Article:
Faculty members in Emory University's College of Arts and Sciences voted Wednesday to censure President James Wagner for his remarks seeming to endorse the Constitution's three-fifths compromise as a model for dealing with disagreements. While Wagner has since apologized for the "clumsiness" of his statement, many faculty members and students remain furious about his remarks and unimpressed by the apology. Faculty members said that the censure resolution passed on a voice vote, with strong support. The professors considered a vote of no confidence, but postponed consideration of that measure pending an appearance by Wagner. His spokeswoman did not respond to requests for comment on the censure vote.
David Bergeron, the acting assistant secretary for postsecondary education at the U.S. Education Department, is resigning in March to take a position with another organization, sources said Wednesday. Bergeron, who has worked at the department for more than 30 years, has served as acting assistant secretary since Eduardo Ochoa left the post in May to become interim president of California State University at Monterey Bay.
The search for a political appointee to replace Ochoa permanently is said to be under way. Since last fall, observers have pointed to a lack of a coherent vision to drive policy making at the Education Department, in large part due to departures of key political appointees and policy staffers during the president's first term. Those departures have continued as the second term begins, including Zakiya Smith, formerly of the White House Domestic Policy Council. With the departure of Bergeron slightly more than a year after that of Daniel Madzelan, another long-time senior staff member, the department has lost close to 60 years of higher education experience and knowledge.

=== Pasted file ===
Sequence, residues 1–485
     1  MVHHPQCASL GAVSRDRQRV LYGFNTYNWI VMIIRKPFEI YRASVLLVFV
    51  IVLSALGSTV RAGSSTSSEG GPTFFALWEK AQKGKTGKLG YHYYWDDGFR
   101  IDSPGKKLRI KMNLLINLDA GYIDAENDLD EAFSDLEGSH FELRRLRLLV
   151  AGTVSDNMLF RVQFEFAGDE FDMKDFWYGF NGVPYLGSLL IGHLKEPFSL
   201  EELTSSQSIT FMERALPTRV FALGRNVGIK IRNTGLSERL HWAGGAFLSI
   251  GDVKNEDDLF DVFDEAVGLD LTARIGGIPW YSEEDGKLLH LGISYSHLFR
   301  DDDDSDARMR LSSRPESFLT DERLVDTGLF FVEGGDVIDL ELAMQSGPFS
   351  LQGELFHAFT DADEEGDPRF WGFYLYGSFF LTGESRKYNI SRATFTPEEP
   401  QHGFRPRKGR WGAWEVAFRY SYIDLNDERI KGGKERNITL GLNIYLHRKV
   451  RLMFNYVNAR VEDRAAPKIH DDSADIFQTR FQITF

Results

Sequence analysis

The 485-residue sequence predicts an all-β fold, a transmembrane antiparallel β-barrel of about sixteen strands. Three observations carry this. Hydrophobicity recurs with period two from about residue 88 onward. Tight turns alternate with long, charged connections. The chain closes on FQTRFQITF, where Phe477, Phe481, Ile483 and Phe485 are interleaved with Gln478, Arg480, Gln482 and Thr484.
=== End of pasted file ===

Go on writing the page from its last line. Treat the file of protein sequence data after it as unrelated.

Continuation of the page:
Coppin State University told its adjuncts on Monday that their February paychecks -- which were scheduled for Wednesday -- would not be arriving on time, The Baltimore Sun reported. The university, which has been struggling financially, released a statement saying that the delay was due to an "administrative processing delay." The university has not said when its adjuncts will be paid.
A new conference in the National Collegiate Athletic Association’s Division II will comprise nine of the 12 member institutions of the West Virginia Intercollegiate Athletic Conference, which is dissolving at the end of this academic year, the NCAA announced Wednesday. The Mountain East Conference will be made up of the University of Charleston, Concord University, Fairmont State University, Glenville State College, Notre Dame College, Shepherd University, Urbana University, the University of Virginia’s College at Wise, West Liberty University, West Virginia State University, West Virginia Wesleyan College and Wheeling Jesuit University.
The Mountain East will conduct championships in baseball, men’s and women’s basketball, men’s and women’s cross country, football, men’s and women’s golf, men’s and women’s soccer, softball, men’s and women’s tennis, men’s and women’s track and field, and women’s volleyball.
Be careful about putting too much weight in the "report cards" various organizations issue about state education policies. A new analysis from the National Education Policy Center at the University of Colorado at Boulder has found that the grades are fairly predictable, based on the ideology of the group doing the evaluations. As a result, every state has earned a D or F on at least one of the report cards in recent years. An almost every state has earned an A or B on one of the report cards. The analysis was prepared by Sherman Dorn, an education professor at the University of South Florida, and Ken Libby, a doctoral student at Boulder.